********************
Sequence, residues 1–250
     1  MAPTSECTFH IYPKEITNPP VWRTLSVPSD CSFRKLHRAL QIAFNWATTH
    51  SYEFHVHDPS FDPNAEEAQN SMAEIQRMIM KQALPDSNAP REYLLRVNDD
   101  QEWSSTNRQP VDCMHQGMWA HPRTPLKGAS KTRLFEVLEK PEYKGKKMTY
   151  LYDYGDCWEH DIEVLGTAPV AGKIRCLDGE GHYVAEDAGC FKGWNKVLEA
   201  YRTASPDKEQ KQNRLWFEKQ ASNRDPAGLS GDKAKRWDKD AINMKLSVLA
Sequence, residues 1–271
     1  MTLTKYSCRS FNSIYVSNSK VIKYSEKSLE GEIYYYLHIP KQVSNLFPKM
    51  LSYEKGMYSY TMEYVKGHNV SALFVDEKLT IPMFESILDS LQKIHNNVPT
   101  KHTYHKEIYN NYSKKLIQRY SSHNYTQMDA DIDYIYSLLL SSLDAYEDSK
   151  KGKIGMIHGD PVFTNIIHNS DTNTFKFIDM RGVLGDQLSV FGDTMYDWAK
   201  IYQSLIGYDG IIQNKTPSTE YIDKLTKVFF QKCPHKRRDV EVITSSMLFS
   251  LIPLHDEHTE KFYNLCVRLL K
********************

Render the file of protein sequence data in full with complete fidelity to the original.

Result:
Sequence, residues 1–250
     1  MAPTSECTFH IYPKEITNPP VWRTLSVPSD CSFRKLHRAL QIAFNWATTH
    51  SYEFHVHDPS FDPNAEEAQN SMAEIQRMIM KQALPDSNAP REYLLRVNDD
   101  QEWSSTNRQP VDCMHQGMWA HPRTPLKGAS KTRLFEVLEK PEYKGKKMTY
   151  LYDYGDCWEH DIEVLGTAPV AGKIRCLDGE GHYVAEDAGC FKGWNKVLEA
   201  YRTASPDKEQ KQNRLWFEKQ ASNRDPAGLS GDKAKRWDKD AINMKLSVLA
Sequence, residues 1–271
     1  MTLTKYSCRS FNSIYVSNSK VIKYSEKSLE GEIYYYLHIP KQVSNLFPKM
    51  LSYEKGMYSY TMEYVKGHNV SALFVDEKLT IPMFESILDS LQKIHNNVPT
   101  KHTYHKEIYN NYSKKLIQRY SSHNYTQMDA DIDYIYSLLL SSLDAYEDSK
   151  KGKIGMIHGD PVFTNIIHNS DTNTFKFIDM RGVLGDQLSV FGDTMYDWAK
   201  IYQSLIGYDG IIQNKTPSTE YIDKLTKVFF QKCPHKRRDV EVITSSMLFS
   251  LIPLHDEHTE KFYNLCVRLL K